Document Type

Article

Publication Date

2-27-2021

Publication Title

J Robot Surg

Abstract

Robotic assistance has gained acceptance in thoracic procedures, including esophagectomy. There is a paucity of data regarding long-term outcomes for robotic esophagectomy. We previously reported our initial series of robot-assisted Ivor Lewis (RAIL) esophagectomy. We report long-term outcomes to assess the efficacy of the procedure. We performed a retrospective review of 112 consecutive patients who underwent a RAIL. Patient demographics, diagnosis, pathology, operative characteristics, post-operative complications, and long-term outcomes were documented. Descriptive statistical analysis was performed for all the variables. Primary endpoints were mortality and disease-free survival. Overall survival (OS) and disease-free survival (DFS) were calculated using the Kaplan-Meier method. Of the 112 patients, 106 had a diagnosis of cancer, with adenocarcinoma the dominant histology (87.5%). Of these 106 patients, 81 (76.4%) received neo-adjuvant chemoradiation. The 30-, 60-, and 90-day mortality was 1 (0.9%), 3 (2.7%), and 4 (3.6%), respectively. There were 9 anastomotic leaks (8%) and 18 (16.1%) patients had a stricture requiring dilation. All-patient OS at 1, 3, and 5 years was 81.4%, 60.5%, and 51.0%, respectively. For cancer patients, the 1-, 3-, and 5-year OS was 81.3%, 59.2%, and 49.4%, respectively, and the DFS was 75.3%, 42.3%, and 44.0%. We have shown that long-term outcomes after RAIL esophagectomy are similar to other non-robotic esophagectomies. Given the potential advantages of robotic assistance, our results are crucial to demonstrate that RAIL does not result in inferior outcomes.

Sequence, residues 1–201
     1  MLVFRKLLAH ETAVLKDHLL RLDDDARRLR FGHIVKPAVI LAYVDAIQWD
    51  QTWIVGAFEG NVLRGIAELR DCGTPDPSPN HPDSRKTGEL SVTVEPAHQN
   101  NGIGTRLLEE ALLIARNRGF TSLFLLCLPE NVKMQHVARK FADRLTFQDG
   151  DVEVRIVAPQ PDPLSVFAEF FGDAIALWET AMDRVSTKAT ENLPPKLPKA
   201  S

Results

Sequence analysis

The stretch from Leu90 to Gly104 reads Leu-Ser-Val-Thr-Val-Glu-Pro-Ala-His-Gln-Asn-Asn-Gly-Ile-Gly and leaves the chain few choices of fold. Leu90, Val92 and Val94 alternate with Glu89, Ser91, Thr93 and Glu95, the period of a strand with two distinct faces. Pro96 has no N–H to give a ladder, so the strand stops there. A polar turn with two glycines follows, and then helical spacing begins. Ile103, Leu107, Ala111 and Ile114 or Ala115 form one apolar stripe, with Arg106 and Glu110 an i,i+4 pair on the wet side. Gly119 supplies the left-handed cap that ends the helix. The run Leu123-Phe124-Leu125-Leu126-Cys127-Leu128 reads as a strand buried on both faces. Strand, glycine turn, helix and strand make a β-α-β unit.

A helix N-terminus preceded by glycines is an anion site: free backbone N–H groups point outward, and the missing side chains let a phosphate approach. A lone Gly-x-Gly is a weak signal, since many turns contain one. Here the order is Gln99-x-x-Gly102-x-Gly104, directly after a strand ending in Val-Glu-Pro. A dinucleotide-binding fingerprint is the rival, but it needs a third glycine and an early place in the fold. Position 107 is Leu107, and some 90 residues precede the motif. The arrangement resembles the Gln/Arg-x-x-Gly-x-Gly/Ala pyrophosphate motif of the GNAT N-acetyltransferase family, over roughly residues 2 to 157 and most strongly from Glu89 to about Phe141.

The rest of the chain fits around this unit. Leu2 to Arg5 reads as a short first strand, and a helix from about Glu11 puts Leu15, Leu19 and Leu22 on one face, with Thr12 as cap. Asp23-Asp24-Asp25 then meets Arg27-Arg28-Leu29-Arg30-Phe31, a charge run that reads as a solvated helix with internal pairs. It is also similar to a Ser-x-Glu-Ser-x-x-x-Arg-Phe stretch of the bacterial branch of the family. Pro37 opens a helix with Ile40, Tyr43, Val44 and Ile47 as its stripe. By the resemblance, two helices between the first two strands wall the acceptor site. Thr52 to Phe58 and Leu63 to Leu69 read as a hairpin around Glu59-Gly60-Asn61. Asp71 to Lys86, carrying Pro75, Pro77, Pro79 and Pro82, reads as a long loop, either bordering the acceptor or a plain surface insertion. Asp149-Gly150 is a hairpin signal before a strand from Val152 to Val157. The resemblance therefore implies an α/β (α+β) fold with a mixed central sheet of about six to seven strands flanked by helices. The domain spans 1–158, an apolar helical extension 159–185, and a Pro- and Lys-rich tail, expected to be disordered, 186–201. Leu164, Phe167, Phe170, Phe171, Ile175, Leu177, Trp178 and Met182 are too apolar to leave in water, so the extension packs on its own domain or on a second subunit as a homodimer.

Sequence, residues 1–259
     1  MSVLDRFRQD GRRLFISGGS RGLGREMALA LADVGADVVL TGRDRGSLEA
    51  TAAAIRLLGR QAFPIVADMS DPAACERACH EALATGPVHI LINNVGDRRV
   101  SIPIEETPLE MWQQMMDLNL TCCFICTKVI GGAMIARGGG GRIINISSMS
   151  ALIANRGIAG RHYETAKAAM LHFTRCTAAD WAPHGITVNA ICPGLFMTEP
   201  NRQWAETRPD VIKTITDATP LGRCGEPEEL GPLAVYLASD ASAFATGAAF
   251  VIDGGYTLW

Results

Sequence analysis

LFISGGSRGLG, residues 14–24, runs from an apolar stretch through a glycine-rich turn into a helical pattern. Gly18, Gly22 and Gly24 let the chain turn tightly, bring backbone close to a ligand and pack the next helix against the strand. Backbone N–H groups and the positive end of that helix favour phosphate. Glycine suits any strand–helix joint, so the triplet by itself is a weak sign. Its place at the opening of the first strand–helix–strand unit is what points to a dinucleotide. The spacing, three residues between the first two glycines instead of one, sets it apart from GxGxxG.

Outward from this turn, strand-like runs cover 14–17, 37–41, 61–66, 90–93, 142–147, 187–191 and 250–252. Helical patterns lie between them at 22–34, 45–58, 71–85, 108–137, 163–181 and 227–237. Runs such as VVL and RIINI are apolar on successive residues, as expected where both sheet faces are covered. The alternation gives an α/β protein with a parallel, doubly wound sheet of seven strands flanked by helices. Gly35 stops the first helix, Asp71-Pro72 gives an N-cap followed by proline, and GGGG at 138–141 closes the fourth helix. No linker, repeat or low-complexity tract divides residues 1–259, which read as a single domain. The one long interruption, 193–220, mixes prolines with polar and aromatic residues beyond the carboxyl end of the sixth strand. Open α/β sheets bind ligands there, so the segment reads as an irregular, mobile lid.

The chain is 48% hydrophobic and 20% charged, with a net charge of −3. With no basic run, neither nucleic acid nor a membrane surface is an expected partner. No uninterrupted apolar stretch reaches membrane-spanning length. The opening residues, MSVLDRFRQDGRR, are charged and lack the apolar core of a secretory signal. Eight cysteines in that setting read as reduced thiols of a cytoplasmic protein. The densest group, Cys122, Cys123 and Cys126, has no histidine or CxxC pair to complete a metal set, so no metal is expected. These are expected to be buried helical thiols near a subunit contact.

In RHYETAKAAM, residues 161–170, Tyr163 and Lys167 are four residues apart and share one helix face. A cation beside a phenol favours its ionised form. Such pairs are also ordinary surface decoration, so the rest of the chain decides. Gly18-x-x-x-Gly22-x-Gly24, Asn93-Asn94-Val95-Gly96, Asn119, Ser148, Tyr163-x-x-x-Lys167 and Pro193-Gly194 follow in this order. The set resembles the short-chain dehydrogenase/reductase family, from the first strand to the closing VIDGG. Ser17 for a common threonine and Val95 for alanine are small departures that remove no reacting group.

PubMed ID

33638759

ePublication

ePub ahead of print

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